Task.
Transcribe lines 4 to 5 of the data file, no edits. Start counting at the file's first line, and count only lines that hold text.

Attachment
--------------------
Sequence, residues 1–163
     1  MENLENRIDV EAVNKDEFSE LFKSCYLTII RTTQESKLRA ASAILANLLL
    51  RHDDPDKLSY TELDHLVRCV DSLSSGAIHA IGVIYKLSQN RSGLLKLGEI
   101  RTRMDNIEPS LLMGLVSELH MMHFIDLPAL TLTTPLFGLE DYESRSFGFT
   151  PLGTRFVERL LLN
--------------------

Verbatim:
   101  RTRMDNIEPS LLMGLVSELH MMHFIDLPAL TLTTPLFGLE DYESRSFGFT
   151  PLGTRFVERL LLN